The Hobbit: The Desolation of Smaug (2013): Written by Peter Jackson, Fran Walsh, Philippa Boyens, and Guillermo del Toro, and directed by Peter Jackson. Starring: Martin Freeman, Ian McKellan, Richard Armitage, Benedict Cumberbatch, Evangeline Lilly, Lee Pace, Luke Evans, Ken Stott, James Nesbitt, and Orlando Bloom. Music by: Howard Shore. Running Time: 161 minutes. Based on The Hobbit by J.R.R. Tolkein.
As good as Desolation of Smaug is- and it is very good, in some ways better than last year’s opening feature- I can’t help but feel worried for the finale next year, because Smaug chooses to end before any of the really major events of the book go down. Given the fact that, in addition to the story of the book itself, this trilogy has also committed to throwing in an outside story about the Necromancer, next year’s conclusion to the Hobbit trilogy is going to be stuffed to the gills with plot. That’s not to say that Jackson can’t pull it off- he did so handsomely in Return of the King, and there’s no indication thus far that he can’t do so again, even though this series will never hold a candle to its predecessor. However, that is a question to be dealt with in a year’s time, when the trilogy will be complete and we can finally look at this new set of LOTR movies as an aggregate whole. For now, I’m content to enjoy Smaug for what it is; another rollickingly enjoyable Middle Earth adventure.
After getting a glimpse of how and why Thorin and Gandalf teamed up to start the quest, we jump right back into the middle of the main story. Bilbo and the dwarves take brief refuge in the home of Beorn, a Skin-Changer who agrees to guide them to the edges of Murkwood, through which they must go if they are to arrive at the mountain on time to open the secret door mentioned in the last film. They are still being pursued by good ‘ol Whitey, but he is soon called back to the lair where the Necromancer is building a new goblin army to prepare them for war (this part should actually tie into the end of the book very well).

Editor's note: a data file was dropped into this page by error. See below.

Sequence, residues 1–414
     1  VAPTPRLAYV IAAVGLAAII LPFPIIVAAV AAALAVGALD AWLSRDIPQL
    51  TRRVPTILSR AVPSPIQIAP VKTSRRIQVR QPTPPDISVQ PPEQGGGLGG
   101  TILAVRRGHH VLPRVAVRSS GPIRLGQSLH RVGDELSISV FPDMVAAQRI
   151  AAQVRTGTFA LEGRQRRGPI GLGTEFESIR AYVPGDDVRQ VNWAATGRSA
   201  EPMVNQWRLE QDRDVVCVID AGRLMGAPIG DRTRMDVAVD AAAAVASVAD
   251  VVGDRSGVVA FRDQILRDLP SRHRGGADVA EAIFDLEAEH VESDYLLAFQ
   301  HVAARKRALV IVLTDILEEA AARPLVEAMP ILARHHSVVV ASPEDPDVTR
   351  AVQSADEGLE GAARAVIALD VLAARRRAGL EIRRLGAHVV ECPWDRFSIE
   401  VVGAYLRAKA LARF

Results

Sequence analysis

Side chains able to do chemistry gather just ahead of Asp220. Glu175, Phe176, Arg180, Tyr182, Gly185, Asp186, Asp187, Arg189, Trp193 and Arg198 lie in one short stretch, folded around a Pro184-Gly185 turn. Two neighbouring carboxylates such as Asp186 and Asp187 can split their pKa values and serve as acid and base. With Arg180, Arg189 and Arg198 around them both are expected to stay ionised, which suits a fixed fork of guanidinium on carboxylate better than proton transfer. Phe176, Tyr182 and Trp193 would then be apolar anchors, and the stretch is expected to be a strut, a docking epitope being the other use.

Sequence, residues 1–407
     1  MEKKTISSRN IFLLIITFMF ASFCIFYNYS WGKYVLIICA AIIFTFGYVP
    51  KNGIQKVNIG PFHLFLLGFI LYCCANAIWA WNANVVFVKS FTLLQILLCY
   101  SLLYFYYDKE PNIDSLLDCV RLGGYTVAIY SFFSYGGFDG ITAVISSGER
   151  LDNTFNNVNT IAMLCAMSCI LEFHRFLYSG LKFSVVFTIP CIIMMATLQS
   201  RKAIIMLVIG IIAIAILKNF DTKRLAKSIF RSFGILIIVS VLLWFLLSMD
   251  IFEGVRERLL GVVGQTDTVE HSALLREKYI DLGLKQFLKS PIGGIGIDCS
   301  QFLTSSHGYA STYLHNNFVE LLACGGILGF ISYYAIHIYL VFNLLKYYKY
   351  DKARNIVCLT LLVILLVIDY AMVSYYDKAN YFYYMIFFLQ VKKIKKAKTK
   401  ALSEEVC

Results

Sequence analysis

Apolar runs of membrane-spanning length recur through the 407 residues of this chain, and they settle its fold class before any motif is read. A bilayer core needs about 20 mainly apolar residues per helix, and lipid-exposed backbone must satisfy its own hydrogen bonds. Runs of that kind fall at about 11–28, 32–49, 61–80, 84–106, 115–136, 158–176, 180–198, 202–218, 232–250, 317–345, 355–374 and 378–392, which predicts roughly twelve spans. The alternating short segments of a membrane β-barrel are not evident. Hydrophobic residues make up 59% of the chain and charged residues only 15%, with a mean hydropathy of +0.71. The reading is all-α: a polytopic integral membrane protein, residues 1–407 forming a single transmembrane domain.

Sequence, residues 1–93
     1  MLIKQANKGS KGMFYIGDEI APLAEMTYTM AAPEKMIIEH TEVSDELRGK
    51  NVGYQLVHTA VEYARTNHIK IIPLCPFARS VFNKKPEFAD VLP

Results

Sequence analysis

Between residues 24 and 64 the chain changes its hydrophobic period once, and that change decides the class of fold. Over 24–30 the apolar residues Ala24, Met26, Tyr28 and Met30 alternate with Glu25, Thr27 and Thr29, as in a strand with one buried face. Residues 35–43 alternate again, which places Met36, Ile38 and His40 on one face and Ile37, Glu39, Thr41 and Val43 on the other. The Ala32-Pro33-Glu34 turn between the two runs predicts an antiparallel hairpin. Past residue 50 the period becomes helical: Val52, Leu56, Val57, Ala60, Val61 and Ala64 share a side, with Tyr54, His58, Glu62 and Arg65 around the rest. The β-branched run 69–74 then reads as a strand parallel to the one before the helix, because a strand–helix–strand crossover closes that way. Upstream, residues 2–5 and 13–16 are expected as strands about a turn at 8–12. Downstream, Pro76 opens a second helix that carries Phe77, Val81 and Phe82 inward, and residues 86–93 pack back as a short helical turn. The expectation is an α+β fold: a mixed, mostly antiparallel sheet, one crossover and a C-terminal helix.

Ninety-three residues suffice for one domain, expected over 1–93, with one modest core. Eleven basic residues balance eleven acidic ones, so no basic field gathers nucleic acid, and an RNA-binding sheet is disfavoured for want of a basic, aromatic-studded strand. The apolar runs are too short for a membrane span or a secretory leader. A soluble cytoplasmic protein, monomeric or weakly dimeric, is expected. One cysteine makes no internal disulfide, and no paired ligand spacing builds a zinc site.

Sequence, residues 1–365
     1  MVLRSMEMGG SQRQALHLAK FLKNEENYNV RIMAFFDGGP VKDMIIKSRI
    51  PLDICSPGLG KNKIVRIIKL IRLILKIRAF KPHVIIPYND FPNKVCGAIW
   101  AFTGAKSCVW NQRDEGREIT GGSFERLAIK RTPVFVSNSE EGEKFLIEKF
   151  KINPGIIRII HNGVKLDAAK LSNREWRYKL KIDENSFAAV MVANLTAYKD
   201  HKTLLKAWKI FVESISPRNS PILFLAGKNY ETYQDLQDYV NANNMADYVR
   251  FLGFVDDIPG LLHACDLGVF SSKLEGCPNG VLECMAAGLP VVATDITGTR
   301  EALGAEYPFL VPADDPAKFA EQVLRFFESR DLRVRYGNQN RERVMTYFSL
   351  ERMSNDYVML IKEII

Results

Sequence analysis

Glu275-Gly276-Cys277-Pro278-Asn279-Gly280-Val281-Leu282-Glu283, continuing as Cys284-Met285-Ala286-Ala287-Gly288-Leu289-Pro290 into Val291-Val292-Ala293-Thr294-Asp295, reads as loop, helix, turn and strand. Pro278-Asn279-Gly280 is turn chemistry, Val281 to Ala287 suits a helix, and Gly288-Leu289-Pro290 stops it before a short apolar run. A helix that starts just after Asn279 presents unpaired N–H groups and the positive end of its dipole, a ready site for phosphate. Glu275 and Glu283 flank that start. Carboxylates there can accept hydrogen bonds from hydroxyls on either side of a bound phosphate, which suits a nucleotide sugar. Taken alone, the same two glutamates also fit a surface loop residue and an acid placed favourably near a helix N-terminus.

Unable to find their way through the woods, the dwarves are briefly captured by man-eating spiders before Bilbo is able to save them using the ring. Said salvation is brief though, as they are almost immediately captured again, this time by the Wood Elves, led by Prince Legolas, who at this point in his life was still very anti-dwarf. It’s actually quite nice to see Orlando Bloom back in a role that suits him. Obviously his presence is a marked deviation from the book, but it’s a welcome one. Another deviation is his companion/obvious love interest, Tauriel, Captain of the Guard, one of Jackon’s better deus ex machine devices, who soon develops feelings for the dwarf Fili. Thus far, this setup barely qualifies as a love triangle, and if Jackson knows what’s good for him, he’ll keep it that way. I actually don’t mind the idea of a dwarf-elf romance as a subplot, it would let the movies dig a bit more into the complex inter-species politics of Middle Earth. What DOES bother me is that the one dwarf singled out for a romance is the one that looks much less like a dwarf and more like a Vogue model in mini.
Bilbo, in yet another clever rescue attempt, is soon able to steal the keys and ushers the dwarves into a collection of empty wine barrels bound for Esgaroth, the small lake-town built by the survivors of Smaug’s attack on Dale. They eventually run into Bard, descendant of the old rulers of Dale, who smuggles them into the city, currently under the iron fist of the fat and greedy Master of Lake Town, who agrees to help Thorin for his own blindly selfish reasons. Unlike Legolas or Tauriel, Luke Evans’ Bard is a character from the book, but his role here as the proverbial “good guy” is a significant expansion of Jackson's making. And like with Legolas and Tauriel, it's a good one, as it allows us to have a more emotional connection to the people who eventually bear the brunt of Smaug’s wrath.